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How to organise a Beneficiary Assessment (BA), Basic Steps & Timing

As with any meaningful learning process, a BA requires careful planning and sufficient time (normally 6-8 months from initial planning to final report). This does not have to be overwhelming, however. It is mostly a matter of following a set of seven basic steps, summarized below. Templates for various tasks within the steps can be found on the BA tools and templates page.

 

​​Basic Steps

 

(7 Steps)


Step 1: Initial Planning

Key Elements

  • Identify Trainer/Backstopper and National Facilitator
  • Create process overview
  • BA approach described in inception report [SDC download] [EXTERNAL download]
  • Select BA intervention areas
  • Select Citizen Observers


Additional Planning

  • Trainer & Facilitator to be contracted early in process
  • Inception report includes BA objectives and descriptions of methodology, intervention areas and overall process
  • Project staff provide key information and contacts for intervention areas


Indicative Timeline

  • Months 1-3


Step 2: Training and Validation of Method and Tools

Key Elements

  • Draft tools created for assessment framework, interviews, etc.
  • Workshop with Facilitators and Trainer/Backstopper to validate and finalize tools
  • Workshop with Citizen Observers for field research training
  • Logistical arrangements made for field research


Additional Planning

  • Facilitator training workshop develops initial assessment framework from project logframe, interview templates, field research plan and CO training curriculum
  • CO training finalizes assessment framework and field research plan, and includes a field test
  • Logistical details facilitated by project implementer, include liaison with local leaders re: CO selection, field testing and field research


Indicative Timeline

  • Months 3-5


Step 3: Implementation

Key Elements

  • Facilitator(s) and COs conduct field research (ca. 2 weeks)


Additional Planning

  • A Facilitator and Co-Facilitator could each work with CO subgroups for parallel field research
  • COs and Facilitator(s) reflect on emerging results daily


Indicative Timeline

  •  Month 5

 

Step 4: Analysis

Key Elements

  • Facilitator(s) conduct initial analysis
  • Facilitator(s) prepare inputs for Validation workshop (description of BA, presentation of results)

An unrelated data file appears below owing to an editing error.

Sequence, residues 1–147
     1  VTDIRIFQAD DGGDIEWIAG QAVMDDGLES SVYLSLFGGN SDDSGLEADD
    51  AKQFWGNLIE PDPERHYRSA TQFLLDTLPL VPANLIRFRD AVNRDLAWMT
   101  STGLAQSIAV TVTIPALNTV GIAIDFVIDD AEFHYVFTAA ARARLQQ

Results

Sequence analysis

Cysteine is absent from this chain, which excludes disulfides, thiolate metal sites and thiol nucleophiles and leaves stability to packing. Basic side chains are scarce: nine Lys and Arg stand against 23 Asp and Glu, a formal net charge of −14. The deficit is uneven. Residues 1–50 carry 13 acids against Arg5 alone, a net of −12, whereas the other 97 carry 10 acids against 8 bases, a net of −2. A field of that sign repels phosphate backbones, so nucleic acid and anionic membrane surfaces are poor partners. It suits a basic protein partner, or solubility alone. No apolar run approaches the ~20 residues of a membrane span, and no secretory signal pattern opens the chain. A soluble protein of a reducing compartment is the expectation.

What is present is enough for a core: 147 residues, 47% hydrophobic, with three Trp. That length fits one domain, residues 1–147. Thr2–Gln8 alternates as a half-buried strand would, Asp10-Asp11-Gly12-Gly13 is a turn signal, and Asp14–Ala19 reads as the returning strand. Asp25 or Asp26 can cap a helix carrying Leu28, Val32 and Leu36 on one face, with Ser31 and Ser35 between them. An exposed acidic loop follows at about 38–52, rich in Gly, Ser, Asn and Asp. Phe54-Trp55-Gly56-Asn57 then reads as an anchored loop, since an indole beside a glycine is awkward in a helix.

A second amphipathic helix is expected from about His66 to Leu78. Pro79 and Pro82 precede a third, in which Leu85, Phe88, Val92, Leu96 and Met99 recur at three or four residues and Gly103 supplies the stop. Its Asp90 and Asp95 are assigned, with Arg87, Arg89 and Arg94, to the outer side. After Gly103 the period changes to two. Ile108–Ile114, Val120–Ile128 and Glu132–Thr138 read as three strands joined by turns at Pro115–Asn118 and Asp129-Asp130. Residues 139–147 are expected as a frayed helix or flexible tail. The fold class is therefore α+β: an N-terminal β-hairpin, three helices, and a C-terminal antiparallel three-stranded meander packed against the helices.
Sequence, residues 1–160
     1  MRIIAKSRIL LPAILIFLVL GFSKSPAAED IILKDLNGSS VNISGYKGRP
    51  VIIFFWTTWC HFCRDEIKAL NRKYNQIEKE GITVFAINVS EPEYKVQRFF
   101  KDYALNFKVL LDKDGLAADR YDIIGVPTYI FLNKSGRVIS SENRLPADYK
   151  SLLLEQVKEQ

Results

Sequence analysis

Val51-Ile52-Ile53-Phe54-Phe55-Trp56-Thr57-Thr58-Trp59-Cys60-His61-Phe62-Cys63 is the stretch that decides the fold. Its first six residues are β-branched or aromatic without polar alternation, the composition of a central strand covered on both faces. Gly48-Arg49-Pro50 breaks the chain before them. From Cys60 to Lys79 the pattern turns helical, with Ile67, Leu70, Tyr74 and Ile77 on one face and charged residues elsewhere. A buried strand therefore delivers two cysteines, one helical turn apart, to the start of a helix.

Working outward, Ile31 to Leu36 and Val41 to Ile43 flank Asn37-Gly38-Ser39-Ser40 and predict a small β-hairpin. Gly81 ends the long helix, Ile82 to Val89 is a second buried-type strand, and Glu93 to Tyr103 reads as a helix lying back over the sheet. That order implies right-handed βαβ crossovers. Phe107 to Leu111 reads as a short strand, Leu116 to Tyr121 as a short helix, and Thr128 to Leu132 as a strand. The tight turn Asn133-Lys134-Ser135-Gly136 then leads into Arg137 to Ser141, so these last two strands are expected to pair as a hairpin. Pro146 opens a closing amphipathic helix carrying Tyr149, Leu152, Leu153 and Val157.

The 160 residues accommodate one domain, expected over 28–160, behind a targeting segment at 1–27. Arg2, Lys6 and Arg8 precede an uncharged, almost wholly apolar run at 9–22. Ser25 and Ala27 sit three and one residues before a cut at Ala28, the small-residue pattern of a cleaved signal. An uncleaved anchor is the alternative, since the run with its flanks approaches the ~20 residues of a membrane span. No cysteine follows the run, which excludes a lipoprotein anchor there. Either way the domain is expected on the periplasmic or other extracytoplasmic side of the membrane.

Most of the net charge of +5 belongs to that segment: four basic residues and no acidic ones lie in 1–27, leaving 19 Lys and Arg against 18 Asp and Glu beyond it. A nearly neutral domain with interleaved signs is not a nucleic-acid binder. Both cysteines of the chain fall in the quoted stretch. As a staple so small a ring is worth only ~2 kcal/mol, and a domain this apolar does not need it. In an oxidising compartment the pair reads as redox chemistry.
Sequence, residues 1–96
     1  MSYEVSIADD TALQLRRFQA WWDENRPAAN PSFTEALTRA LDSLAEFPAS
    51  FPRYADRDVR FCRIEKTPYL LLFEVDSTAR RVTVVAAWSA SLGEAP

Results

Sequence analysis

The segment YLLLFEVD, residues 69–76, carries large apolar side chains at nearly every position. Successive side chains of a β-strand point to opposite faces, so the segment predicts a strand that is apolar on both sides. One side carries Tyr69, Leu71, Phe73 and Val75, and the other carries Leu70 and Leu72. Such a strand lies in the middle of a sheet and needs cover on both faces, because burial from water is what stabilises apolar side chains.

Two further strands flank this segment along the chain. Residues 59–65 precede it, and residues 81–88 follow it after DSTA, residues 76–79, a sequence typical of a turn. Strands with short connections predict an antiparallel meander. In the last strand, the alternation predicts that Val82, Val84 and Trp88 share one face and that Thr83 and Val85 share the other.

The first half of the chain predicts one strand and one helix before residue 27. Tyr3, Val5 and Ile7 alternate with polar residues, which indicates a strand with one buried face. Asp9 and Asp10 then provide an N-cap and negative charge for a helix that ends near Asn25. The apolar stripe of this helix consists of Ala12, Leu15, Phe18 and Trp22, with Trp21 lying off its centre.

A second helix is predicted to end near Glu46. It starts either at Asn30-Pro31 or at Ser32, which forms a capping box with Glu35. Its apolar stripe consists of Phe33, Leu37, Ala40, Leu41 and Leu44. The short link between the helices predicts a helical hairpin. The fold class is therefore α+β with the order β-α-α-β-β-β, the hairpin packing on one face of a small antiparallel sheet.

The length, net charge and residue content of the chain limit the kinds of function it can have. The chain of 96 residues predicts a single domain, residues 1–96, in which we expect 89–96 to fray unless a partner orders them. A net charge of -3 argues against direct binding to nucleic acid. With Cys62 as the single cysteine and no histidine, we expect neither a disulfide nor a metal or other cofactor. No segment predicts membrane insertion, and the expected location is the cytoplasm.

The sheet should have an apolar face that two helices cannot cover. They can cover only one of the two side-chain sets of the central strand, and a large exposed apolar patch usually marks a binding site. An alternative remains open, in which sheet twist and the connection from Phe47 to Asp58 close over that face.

Additional Planning

  • Results informed by discussions with COs during field research
  • Trainer/Backstopper provides feedback on initial analysis and Validation workshop design


Indicative Timeline

  • Month 6


Step 5: Validation of Results

Key Elements

  • Validation workshop invitations to main stakeholders
  • Logistical arrangements made for validation workshop
  • Facilitator/Trainer facilitates validation workshop


Additional Planning

  • COs and key local stakeholder groups, including project implementer, are invited
  • Donor is invited


Indicative Timeline

  • Month 7


Step 6: Reporting and Distribution

Key Elements

  • Facilitator finalizes report
  • Donor, other core stakeholders distribute report
  • Additional media/events for reflection on results


Additional Planning            

  • Post-Validation workshop report commented on by Trainer/Backstopper, donor and implementer
  • Final version of report produced, provided to relevant stakeholders and published


Indicative Timeline

  • Months 7-8


Step 7: BA follow up

Key Elements

  • Implementer and donor reflect on implications of BA and take relevant action


Additional Planning

  • Perhaps one of the most difficult steps, as project or program cycle may not create opening for adjustment, but of high importance to give BA meaning


Indicative Timeline

  • Months 8-12
 

​​BA Timing - When to Consider Doing a BA

 

As a BA is intended to both provide insight into project impact and feed into future planning, the two most important timing issues are that a project (or potentially a programme):

  1. Is sufficiently far into its implementation that possible outcomes can be expected to be visible, and
  2. Is at a stage where followup action is part of the agenda (e.g. around the time of an end of phase report, a mid-term review or other planned evaluation exercise)

 

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​​Additional Notes

 

As with most research exercises, it is sometimes necessary or useful to adapt the methodological approach to suit local circumstances. In addition, and depending on levels of experience and complexity of task, it is highly recommended to consider the following possible BA elements:

  • Engagement of a Co-Facilitator as well as a Facilitator to allow for more intensive field research over the same time period as well as greater research efficiency
  • Inclusion of a pair of extra Citizen Observers in the CO training workshop, to allow for possible dropping out/deselection during training, or absence during the field research period due to illness or family emergency
  • Use of visual methods for training in the case of COs with low literacy levels
  • Use of video to illustrate good practice and areas for improvement in training exercises
  • Use of photos/video/stories from households collected during field research to enhance readability and accessibility of the BA report

 

How to organise a BA, see the BA How-to Note (PDF) 

Description of how a BA was conceived and implemented in Southern Africa, from the point of view of an SDC Regional Programme Manager (PDF)

 

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 Key Document